“Using publicly-available data from the state of Colorado, [CWP] mapped the oil and gas wells drilled in Colorado between 1990 and 2013. The maps show a sea of red moving across the state and into Colorado’s communities.”  READ MORE

“Daryl Peterson taste-tests the residue left by a
wastewater spill on land he farms. The highly
saline spill rendered the land useless.” Photo
credit: Jim Wilson/
The New York Times.

3. The New York Times: The Downside of the Boom
In an in-depth report, the Times shines light on the many negative impacts that come along with the drilling boom.  “More than 18 million gallons of oil and toxic wastewater were spilled in North Dakota from January 2006 to October 2014. Most individual spills were contained to the immediate drilling area, but many of the largest spills polluted surrounding farms and waterways.”   READ MORE

2. US News: Study Links Fracking to Infertility, Miscarriages, Birth Defects
“A new study links shale oil and gas development to a host of developmental and reproductive health risks, and says the processes involved – including hydraulic fracturing, or fracking – pose a particularly potent threat to what researchers called ‘our most vulnerable population.'”  READ MORE & READ THE STUDY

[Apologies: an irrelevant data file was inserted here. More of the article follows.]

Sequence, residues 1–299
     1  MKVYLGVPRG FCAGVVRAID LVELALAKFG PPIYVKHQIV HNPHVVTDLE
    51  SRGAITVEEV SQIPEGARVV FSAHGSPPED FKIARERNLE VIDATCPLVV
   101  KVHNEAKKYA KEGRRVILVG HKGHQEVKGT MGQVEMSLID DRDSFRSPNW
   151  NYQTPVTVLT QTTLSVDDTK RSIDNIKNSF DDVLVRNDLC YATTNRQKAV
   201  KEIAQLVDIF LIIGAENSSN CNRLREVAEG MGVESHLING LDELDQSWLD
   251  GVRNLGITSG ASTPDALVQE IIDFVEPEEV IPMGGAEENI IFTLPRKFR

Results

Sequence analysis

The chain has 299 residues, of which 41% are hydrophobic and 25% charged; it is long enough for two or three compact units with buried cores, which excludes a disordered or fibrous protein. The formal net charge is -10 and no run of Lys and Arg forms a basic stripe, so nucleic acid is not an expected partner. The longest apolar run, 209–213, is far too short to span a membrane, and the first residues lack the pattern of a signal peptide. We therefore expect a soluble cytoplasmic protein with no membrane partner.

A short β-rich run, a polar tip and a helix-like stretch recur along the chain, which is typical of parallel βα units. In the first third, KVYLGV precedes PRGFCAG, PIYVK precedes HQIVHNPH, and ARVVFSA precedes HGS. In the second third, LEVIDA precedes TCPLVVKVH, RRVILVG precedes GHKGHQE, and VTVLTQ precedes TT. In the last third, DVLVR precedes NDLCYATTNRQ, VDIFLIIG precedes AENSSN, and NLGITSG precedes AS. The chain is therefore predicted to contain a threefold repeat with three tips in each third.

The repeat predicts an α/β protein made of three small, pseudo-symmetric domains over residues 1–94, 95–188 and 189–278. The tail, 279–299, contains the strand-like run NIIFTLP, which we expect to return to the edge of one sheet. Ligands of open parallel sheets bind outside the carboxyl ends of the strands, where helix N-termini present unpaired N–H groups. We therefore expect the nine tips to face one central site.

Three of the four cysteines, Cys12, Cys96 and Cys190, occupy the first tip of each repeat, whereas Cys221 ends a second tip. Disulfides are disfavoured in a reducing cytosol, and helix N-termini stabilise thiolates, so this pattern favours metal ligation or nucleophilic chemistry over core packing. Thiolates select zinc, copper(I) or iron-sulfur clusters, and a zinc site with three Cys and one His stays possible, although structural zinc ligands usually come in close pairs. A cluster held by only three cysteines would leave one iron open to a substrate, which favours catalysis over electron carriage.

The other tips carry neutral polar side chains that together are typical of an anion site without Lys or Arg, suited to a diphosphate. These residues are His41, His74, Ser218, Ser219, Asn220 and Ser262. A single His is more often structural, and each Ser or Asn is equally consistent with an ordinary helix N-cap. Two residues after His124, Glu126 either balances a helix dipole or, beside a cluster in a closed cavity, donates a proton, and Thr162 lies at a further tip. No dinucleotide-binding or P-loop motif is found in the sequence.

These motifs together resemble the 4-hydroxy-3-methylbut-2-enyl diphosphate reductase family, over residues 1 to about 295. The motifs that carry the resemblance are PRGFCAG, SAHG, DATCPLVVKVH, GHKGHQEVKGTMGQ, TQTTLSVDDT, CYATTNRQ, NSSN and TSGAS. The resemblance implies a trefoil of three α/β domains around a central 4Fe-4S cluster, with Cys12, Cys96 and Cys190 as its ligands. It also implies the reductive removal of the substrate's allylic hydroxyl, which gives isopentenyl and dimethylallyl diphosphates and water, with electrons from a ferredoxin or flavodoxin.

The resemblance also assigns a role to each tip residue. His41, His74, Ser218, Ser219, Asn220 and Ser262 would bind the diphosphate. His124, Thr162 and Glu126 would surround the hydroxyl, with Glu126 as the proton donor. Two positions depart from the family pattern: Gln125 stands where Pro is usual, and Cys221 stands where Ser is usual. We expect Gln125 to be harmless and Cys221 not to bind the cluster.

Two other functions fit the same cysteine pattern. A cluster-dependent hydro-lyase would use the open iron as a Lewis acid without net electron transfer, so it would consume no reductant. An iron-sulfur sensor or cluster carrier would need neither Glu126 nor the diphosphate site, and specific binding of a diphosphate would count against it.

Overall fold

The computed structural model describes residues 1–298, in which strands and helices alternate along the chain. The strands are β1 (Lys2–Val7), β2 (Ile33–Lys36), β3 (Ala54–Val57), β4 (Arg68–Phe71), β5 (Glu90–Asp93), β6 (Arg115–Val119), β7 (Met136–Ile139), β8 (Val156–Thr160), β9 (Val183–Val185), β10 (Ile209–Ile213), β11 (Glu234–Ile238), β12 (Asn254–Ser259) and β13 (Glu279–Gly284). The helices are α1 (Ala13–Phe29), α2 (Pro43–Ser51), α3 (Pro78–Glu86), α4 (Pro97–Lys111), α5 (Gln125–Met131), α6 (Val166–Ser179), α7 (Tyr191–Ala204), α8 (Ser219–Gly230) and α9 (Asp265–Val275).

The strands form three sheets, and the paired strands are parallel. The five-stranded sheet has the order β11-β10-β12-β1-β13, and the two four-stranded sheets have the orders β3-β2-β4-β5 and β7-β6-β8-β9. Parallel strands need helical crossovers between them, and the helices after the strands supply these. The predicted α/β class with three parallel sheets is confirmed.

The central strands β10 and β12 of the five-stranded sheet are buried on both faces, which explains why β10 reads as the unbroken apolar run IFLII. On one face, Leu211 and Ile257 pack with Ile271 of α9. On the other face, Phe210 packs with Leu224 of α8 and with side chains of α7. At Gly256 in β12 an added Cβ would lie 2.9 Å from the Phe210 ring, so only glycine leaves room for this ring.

1. The New York Times: Citing Health Risks, Cuomo Bans Fracking in New York State
After years of a temporary moratorium on fracking, while state regulators sought conclusive evidence that fracking was safe (they didn’t find it), New York offically banned fracking in December.  Concerned residents across the state have long pushed for a ban, and recently the Concerned Health Professionals of New York presented Gov. Cuomo with a Compendium of Risks and Harms of Fracking.  “We cannot afford to make a mistake. The potential risks are too great. In fact, they are not even fully known,” said New York’s acting state health commissioner, Dr. Howard A. Zucker.  READ MORE & EXPLORE IN-DEPTH